U.S. flag

An official website of the United States government, Department of Justice.

NCJRS Virtual Library

The Virtual Library houses over 235,000 criminal justice resources, including all known OJP works.
Click here to search the NCJRS Virtual Library

Violence and Boredom

NCJ Number
Kriminologisches Journal Volume: 14 Issue: 4 Dated: (1982) Pages: 254-276
N Klinkmann
Date Published
23 pages
This essay differentiates rational violence performed for a purpose and the phenomenon of apparently irrational physical torture and destruction to which urban juvenile gangs have been known to resort. It seeks to explain the cause of the latter behavior with reference to existential philosophy and phenomenology.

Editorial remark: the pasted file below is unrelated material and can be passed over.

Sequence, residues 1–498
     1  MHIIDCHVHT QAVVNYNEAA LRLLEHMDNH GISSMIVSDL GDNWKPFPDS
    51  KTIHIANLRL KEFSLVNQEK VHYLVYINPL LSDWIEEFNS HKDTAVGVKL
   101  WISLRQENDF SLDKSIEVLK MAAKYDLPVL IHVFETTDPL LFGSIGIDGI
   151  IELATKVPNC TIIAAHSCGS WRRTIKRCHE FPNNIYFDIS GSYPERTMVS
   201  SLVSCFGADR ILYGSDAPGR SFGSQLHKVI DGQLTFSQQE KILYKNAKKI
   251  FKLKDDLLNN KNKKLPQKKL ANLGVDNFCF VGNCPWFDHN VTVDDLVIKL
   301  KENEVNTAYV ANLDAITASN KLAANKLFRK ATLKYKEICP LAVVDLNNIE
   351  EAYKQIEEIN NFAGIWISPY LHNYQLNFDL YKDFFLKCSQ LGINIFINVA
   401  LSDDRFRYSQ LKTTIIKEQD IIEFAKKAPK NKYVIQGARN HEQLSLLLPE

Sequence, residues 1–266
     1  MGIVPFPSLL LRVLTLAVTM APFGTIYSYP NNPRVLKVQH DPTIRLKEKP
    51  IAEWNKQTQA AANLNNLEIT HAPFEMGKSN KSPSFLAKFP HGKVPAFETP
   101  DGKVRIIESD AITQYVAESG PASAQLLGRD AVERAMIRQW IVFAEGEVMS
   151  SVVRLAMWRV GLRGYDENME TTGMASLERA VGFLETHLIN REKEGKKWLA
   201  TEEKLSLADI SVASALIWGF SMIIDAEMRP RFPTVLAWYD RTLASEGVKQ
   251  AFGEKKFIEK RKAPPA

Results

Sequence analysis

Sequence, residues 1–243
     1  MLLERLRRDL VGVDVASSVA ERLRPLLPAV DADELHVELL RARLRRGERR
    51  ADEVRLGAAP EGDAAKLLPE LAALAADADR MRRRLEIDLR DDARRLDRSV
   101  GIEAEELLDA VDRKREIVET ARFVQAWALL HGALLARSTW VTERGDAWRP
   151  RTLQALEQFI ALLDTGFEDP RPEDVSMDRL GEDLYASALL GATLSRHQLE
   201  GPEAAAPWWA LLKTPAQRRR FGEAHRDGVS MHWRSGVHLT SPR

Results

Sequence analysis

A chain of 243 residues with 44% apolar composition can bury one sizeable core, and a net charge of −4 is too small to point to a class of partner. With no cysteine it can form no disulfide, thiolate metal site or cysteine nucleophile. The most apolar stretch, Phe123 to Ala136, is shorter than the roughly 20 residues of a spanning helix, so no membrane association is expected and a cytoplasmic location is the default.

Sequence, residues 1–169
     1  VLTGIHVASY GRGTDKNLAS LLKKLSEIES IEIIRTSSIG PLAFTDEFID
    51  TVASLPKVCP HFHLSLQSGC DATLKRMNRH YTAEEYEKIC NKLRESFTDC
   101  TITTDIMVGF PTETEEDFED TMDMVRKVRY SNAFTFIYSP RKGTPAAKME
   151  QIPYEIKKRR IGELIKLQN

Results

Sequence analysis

The argument rejects instinctual drives as insufficient explanation for unmotivated physical violence and draws instead upon the concepts of 'culture' and 'action.' The physical and social aspects of the deteriorating urban environment are viewed as a setting unrelated to any of the traditional values and behavioral norms, and in which individuals fail to identify a rationalization or indeed a role for themselves. Without a cultural orientation, goals, motivation, involvement, or a sense of belonging to the communal whole, young urbanites experience a boredom so intense that it precipitates a need to reassert one's existence through deliberate, existential action. Because it springs from boredom within a cultural void, the existential act takes destructive, senseless forms in a misdirected effort to establish subgroup norms and reinstate a relationship between one's self and the external world. These insights indicate that far greater attention should be paid by cultural institutions to the intellectual stimulation of urban youths to promote their sense of belonging and involvement as alternative experiences of 'action' and 'excitement.'